Autopsy backlogs and the ‘grief crisis’

During COVID (for current purposes, let’s play along with the notion that COVID is ‘over’), we became normalised to mortality statistics and the language of ‘excess deaths’. This latter term, which refers to the number of deaths above the five-year average, tells a numerical story of who is dying, as well as where, when, and how they are doing so. You can find the most recent figures, which cover the period up to June 2022 here: Excess Mortality June 2022

What these statistics do not is expose the human stories behind the facts and figures: the experiences of the bereaved, the distress and exhaustion of health care workers and, of course, systemic (or/and other) failings which led to these deaths. It is, in short, important data but which needs to be placed within its social, political, and individual context.

Outside of pandemic conditions, we would usually expect to see increased mortality over the winter. For this reason, we have a separate measure in the form of excess winter mortality index (EWMI). The December to March period is where we typically see spikes in influenza respiratory type infections, combined with increased indoor mixing and cold conditions (which of course are related). We might therefore not be surprised to see a story breaking on sky news on 29th December 2022 with the opening paragraph that: ‘Due to a high number of excess deaths in 2022, pathologists are struggling to cope with the “constant onslaught” of demand of carrying out vital post-mortems so bodies can be released to loved ones for funeral services.’ (see the full story here: Sky news shortage of pathologists story)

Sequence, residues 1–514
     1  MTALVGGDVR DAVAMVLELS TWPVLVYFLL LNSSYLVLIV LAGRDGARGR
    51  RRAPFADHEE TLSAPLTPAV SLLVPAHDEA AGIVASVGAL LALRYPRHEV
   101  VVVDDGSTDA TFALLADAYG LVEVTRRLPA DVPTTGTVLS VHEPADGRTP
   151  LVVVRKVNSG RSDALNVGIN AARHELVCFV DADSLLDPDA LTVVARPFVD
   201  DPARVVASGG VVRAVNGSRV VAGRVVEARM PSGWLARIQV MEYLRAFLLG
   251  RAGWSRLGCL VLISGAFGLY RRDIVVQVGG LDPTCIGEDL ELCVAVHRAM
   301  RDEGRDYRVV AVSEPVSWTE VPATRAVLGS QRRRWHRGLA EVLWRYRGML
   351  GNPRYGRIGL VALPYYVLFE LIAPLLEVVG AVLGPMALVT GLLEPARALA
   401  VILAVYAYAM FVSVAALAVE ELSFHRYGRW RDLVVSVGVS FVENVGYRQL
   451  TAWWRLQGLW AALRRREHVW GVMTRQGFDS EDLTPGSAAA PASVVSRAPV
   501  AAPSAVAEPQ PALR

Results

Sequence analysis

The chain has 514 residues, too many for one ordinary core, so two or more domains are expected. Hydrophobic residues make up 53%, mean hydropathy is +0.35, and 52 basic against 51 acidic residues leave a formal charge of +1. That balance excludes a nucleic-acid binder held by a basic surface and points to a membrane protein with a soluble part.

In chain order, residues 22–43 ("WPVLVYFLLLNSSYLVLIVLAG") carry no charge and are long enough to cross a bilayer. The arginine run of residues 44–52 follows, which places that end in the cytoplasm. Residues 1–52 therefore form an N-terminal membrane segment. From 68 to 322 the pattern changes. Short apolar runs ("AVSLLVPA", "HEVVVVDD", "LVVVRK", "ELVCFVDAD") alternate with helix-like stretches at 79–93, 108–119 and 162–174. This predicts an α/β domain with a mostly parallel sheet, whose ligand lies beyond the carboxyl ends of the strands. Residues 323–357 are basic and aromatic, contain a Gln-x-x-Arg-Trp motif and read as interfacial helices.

If we move beyond the numbers, this is a story highlighting the people behind the numbers: the people who have died, the bereaved, the doctors, those who care for the deceased body whether that be in mortuaries or funeral homes. It also hints at the uncomfortable relationship between the need for accurate information about why people die and the impact of this on those who live the consequences of it. The article refers to a ‘grief crisis’ caused by the delay in release of bodies caused by a backlog in post-mortems. It links this to autopsy pathologists priortising diagnostic work on the living. This may be true, but it is a bit of a red herring. As the article briefly mentions, most pathologists who carry out autopsy work do so in addition to their ordinary, very busy, jobs. It is, for the majority, private work carried out under ‘time shifting’ i.e., they still must complete their normal hours, with all the personal and social consequences of taking on additional work. What it does not identify is the dwindling number of pathologists willing to carry out this work. There is therefore a resource shortage double whammy – the people with the relevant skills must priortise their work with the living (and there is still a COVID linked backlog there) plus this is optional additional work which most choose not to be involved with.

In my research into the autopsy stage of medico-legal death investigation, the shortage of pathologists was highlighted by every person I spoke to. The reasons for this shortage – which was routinely referred to as a crisis – are varied but can be linked by the following key themes: